Screen Star Yoo Ji-tae Finds Creative Challenge in Theater

      April 09, 2007 08:08

      Yoo Ji-tae

      Some are fascinated with his perfect body. Everyone who meets him talks about his eyes -- small but deep, sparkling with a powerful aura.

      Actor Yoo Ji-tae (31) is both calm and passionate. Yoo, one of the nation's top stars, is working in a small theater while his colleagues appear on TV. His quiet but logical words are his trademark.

      As soon as he finished shooting the movie "Hwang Jin-yi" about a Chosun-era gisaeng (a female entertainer) with actress Song Hye-kyo, Yoo chose to work on the stage. His movie career is different from that of other screen stars. Yes, he is the celebrity star who appeared in the hit movie "Old Boy" by Park Chan-wook. But Yoo produces and directs his own films -- unprofitable short ones. He also established a theater to put on one play a year. Almost all the money for the theatrical productions comes from his own wallet.

      "Producing a short film or a play can feel masochistic. I'm always unsatisfied with my work and complain about myself. I'm slow and I make a lot of mistakes. I think I can express my true self if I keep going, even if I'm moving as slowly a turtle. That's why I'm creeping," Yoo said. He's not in the same position as most theatrical actors, but he doesn't look like a top star on the stage. So why is he so attached to the theater?

      "I graduated from an acting school. I've had a strong affection for movies and plays since I was young. I worked as a part-time model before making my debut as an actor. Now I'm called a model-turned-actor, but that's not important. I work on stage because it's there that I find the challenge and the stimulus an actor needs through continuous creative work. Other theatrical actors probably have their own reasons to continue to work on stage," he said.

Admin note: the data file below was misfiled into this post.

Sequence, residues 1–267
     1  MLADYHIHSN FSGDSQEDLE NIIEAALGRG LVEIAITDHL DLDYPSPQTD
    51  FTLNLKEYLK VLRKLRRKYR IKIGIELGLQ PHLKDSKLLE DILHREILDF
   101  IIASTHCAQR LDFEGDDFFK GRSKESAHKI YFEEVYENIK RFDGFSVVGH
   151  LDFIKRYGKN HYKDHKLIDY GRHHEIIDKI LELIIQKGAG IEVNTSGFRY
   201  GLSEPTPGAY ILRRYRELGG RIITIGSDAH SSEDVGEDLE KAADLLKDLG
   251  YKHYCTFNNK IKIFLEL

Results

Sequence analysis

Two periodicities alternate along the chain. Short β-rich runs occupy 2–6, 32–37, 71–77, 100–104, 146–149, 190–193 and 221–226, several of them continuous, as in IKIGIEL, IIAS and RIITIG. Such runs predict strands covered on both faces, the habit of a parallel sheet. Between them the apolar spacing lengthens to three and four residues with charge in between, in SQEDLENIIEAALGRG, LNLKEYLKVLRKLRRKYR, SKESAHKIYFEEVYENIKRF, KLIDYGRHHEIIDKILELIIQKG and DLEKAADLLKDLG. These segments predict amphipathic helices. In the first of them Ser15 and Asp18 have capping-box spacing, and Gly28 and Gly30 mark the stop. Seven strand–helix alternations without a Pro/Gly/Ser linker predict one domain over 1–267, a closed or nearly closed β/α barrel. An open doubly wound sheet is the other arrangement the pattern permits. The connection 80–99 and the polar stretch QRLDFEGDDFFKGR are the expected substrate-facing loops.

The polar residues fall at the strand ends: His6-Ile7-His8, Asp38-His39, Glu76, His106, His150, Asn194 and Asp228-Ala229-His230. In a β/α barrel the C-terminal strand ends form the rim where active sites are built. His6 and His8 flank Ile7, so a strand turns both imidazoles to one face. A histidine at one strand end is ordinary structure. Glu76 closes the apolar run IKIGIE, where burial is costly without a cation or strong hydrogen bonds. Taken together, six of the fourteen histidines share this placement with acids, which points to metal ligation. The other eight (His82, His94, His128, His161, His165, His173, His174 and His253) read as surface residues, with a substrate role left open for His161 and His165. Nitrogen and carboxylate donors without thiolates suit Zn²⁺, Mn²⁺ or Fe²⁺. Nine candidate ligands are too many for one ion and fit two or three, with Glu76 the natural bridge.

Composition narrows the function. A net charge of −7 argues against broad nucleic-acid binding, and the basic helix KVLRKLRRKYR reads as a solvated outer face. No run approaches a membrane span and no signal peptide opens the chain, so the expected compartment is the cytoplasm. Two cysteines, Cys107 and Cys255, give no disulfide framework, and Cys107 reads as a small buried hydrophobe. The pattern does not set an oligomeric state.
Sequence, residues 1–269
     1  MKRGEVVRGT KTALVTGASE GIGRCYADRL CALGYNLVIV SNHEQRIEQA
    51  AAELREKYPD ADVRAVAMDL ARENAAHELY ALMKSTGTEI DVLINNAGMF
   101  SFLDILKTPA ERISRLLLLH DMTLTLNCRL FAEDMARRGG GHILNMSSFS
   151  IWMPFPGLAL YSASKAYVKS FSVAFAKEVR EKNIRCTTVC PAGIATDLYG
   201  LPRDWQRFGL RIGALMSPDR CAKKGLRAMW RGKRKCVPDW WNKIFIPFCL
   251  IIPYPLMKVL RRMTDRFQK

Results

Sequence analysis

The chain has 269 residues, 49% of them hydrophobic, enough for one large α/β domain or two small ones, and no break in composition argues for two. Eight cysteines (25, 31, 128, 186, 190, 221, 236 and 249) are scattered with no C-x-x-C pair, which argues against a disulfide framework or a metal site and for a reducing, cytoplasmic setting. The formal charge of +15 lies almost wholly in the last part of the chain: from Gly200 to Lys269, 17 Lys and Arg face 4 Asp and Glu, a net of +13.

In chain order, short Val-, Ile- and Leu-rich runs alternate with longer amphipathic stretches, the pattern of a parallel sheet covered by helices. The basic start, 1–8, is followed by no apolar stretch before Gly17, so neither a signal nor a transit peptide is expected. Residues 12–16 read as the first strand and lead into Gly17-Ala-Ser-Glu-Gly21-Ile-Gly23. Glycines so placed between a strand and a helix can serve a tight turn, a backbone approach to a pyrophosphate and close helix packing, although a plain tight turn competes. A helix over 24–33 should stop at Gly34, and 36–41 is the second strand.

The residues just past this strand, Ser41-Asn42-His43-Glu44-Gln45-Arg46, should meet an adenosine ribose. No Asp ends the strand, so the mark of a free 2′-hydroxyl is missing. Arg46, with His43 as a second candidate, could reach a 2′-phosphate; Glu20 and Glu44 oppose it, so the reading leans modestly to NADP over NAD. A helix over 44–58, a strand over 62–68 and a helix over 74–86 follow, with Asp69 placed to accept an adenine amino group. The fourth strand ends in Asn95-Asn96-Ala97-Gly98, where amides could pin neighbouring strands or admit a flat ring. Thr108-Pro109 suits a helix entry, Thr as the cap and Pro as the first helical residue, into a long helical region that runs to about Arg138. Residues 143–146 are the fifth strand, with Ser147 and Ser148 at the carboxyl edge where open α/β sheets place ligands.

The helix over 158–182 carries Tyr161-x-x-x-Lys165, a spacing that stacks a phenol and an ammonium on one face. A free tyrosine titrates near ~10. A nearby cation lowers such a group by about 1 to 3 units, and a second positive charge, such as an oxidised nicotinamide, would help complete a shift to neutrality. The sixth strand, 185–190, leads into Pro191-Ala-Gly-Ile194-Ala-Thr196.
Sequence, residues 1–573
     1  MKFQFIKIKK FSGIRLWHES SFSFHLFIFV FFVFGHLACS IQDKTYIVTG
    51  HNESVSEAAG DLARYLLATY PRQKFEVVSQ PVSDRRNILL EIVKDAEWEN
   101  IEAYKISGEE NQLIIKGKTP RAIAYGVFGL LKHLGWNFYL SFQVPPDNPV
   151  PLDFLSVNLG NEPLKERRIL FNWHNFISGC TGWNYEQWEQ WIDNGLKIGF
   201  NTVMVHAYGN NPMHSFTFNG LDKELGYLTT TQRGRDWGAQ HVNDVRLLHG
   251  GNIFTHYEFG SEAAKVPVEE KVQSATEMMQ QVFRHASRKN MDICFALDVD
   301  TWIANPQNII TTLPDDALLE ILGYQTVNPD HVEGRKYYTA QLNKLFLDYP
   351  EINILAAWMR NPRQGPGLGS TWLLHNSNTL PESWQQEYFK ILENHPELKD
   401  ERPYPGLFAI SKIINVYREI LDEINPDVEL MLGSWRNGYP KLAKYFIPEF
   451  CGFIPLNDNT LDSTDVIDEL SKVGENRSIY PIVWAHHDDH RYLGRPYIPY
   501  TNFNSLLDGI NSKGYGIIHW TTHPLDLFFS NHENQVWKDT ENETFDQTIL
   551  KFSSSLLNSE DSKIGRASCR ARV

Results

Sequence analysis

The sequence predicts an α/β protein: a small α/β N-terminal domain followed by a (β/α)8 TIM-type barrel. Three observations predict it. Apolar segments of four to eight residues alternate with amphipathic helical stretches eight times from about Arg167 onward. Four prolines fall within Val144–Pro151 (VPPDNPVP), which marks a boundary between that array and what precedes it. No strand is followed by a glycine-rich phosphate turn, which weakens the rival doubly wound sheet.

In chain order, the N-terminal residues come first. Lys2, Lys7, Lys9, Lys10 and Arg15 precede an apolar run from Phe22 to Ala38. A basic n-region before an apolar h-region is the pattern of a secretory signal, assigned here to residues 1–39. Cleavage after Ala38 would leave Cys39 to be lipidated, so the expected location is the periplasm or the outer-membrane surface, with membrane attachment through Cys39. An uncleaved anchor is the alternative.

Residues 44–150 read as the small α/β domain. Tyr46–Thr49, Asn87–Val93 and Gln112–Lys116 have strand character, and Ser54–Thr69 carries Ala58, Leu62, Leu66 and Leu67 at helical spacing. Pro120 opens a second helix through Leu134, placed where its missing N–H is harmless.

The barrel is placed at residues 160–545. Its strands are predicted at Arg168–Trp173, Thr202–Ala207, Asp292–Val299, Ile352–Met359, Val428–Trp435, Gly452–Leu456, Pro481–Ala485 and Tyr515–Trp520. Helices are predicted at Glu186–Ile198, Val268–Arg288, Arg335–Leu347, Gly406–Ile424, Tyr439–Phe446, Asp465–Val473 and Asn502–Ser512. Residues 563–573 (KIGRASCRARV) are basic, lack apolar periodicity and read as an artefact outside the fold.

The play "Come to the Ghost House" is not a horror story or thriller. It's the story of a mother's grotesque but desperate love for a daughter who suffers from leprosy. The mother gives birth to another child to give her leprous daughter the new liver.

      The story has forced Yoo to ponder the questions of motherhood. "When I was young, my mother stuffed me into a small seat on a very crowded subway train. I was ashamed and thought, 'Why is she treating me like a bad boy?' I didn't understand that was the way she loved me," Yoo said.

      It's well-known that Yoo had a difficult childhood with his single mom who worked as a nurse. "I respect my mother. She gets up at 5 a.m. and exercises everyday before going to the hospital. She works until 7 p.m. and goes to bed at 10 p.m. It's been her 30-year habit. She's a strong woman," the actor said.

      Yoo's own dreams are the same as those of many ordinary people. "I want to be financially comfortable and compensated for my tough childhood. I have bad memories about the hardships of my childhood," he said. As a screen star, Yoo has been recognized for his consistently solid performances, but on stage, he truly shines.

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